Mainstreaming climate change into community development strategies and plans: a case study in Thailand

Mainstreaming climate change into community development strategies and plans: a case study in Thailand

Paper demonstrating the need for mainstreaming climate change into multi-level development plans

With a focus on Thailand and south-east Asia, this paper argues that the current process of ‘predict-then-act’ climate change adaptation is inherently flawed. The uncertain nature of climate change predictions can lead to dilemmas in selecting proper measures, whilst the long timeframes involved hinders investment and distances stakeholders’ priorities. Furthermore, this sequential process often overlooks socioeconomic dynamics that, particularly in developing countries, will change countries' risk profiles over time. Thus, a paradigm shift that mainstreams climate change adaptation into development plans under the guidance of a range of future scenarios is required. Such mainstreaming should happen at all levels: the local, where residents more concerned with immediate needs can participate in short-term adaptation measures; and the national, where governments can take a longer view and implement policy to develop sectoral strategies.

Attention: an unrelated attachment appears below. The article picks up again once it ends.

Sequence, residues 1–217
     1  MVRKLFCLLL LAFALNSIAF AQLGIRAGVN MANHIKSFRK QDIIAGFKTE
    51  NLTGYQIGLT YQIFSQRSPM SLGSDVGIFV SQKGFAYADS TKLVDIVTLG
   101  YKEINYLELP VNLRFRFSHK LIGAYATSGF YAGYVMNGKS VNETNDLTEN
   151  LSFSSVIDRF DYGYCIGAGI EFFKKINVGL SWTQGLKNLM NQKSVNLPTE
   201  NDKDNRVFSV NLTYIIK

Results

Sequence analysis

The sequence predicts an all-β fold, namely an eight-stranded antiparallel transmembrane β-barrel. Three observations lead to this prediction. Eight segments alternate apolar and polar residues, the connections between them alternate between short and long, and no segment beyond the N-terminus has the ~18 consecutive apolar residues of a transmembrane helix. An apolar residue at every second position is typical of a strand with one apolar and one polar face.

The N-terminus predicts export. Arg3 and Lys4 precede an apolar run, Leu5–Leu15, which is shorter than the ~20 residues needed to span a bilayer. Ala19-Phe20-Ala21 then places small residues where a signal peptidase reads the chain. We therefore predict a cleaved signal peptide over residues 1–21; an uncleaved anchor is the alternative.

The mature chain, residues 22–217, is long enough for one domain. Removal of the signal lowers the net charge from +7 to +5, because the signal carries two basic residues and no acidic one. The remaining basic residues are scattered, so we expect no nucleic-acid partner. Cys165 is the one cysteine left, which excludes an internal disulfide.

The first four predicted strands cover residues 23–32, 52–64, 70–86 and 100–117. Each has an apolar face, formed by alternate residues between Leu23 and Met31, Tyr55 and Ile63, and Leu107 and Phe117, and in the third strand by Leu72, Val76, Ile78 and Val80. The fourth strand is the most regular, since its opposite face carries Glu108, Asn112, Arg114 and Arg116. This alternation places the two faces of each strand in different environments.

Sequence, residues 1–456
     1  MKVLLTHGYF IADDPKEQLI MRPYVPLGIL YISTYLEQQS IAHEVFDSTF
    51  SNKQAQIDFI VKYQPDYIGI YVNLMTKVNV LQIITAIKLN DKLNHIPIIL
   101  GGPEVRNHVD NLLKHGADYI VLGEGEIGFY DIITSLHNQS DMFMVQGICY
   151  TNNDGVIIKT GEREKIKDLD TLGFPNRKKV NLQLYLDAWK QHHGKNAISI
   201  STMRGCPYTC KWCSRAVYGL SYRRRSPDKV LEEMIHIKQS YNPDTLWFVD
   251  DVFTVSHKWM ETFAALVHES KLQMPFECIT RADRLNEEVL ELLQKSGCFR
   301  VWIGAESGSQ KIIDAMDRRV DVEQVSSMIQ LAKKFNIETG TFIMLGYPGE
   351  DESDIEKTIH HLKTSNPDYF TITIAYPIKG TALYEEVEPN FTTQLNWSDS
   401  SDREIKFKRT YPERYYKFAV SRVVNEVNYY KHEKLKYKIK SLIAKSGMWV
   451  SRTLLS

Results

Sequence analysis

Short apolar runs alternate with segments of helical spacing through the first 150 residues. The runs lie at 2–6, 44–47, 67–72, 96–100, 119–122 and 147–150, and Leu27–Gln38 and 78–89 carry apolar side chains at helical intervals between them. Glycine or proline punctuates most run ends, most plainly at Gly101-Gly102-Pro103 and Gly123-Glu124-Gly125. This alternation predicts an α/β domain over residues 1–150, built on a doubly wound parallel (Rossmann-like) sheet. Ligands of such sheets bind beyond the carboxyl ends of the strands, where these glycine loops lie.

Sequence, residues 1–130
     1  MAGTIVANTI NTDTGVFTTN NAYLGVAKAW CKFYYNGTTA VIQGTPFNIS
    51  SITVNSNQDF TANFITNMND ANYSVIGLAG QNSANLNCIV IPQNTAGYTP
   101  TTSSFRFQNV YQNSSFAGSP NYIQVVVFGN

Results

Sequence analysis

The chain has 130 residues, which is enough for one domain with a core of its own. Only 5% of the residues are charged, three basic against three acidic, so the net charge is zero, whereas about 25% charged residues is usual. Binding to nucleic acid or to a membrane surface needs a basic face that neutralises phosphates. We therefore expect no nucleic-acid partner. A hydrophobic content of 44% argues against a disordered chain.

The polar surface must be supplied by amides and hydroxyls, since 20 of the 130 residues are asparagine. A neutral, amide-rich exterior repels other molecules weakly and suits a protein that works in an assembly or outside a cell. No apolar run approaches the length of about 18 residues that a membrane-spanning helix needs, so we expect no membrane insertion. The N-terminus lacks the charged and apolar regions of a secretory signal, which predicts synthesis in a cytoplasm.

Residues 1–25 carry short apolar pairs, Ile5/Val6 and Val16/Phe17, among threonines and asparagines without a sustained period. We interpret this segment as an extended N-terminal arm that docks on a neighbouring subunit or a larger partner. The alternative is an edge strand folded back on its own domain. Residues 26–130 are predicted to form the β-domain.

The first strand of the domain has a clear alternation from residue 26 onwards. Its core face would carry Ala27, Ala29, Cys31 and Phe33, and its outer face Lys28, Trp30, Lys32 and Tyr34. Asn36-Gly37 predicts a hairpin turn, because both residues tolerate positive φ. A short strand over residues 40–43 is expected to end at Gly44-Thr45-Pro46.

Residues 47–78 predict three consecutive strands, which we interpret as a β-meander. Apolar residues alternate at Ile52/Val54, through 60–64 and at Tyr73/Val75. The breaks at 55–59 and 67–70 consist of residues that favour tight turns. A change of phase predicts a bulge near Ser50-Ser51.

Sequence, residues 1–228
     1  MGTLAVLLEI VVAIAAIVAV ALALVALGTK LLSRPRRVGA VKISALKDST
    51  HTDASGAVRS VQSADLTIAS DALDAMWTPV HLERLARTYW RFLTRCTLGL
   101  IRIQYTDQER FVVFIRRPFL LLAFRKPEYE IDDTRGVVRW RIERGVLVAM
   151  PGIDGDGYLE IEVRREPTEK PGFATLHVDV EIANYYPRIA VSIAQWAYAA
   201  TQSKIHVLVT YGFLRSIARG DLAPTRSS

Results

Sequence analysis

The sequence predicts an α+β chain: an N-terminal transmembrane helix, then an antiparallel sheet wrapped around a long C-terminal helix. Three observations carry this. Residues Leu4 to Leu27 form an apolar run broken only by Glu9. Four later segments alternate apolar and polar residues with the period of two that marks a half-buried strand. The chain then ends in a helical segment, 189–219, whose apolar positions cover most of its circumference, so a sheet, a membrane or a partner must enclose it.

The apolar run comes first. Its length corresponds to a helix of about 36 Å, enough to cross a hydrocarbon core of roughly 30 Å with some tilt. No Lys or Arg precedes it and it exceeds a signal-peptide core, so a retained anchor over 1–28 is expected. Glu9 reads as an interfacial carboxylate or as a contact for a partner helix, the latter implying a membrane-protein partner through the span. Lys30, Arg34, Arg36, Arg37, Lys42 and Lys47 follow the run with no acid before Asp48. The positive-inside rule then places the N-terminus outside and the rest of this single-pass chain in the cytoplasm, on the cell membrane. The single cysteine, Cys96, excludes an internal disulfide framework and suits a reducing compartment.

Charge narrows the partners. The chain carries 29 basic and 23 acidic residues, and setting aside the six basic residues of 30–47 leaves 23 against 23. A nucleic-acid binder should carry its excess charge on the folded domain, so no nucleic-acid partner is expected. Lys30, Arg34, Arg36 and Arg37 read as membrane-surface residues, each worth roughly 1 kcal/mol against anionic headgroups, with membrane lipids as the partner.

The authors present a case study demonstrating the mainstreaming of climate change into a local development plan in the Lao-oi District of Thailand. This community is built around wet-season, rain-fed rice production, the main threat to which is flooding; eight of the last ten years have seen flooding which is estimated to have resulted in the loss of around 40 per cent of total production. The limited climate data available suggests that the district will likely face an increased risk of flooding in the future. Under the old paradigm, the identification of this risk may have led to measures to protect wet-season farming; the community instead decided to extend their irrigation system from the river to increase dry-season growing capacity. However, the climate model also indicates longer, dryer summers and a reliance on a single water source represents a potentially unsustainable future vulnerability. In this case, the government should increase the carrying capacity of a reservoir to the north of the district to hold more of the wet-season rains.

This multi-level mainstreaming of climate change can be highly complimentary and offer resilience in the face of future uncertainty. It will require the development of systematic climate change knowledge transfer and significant cooperation and communication between all stakeholders.

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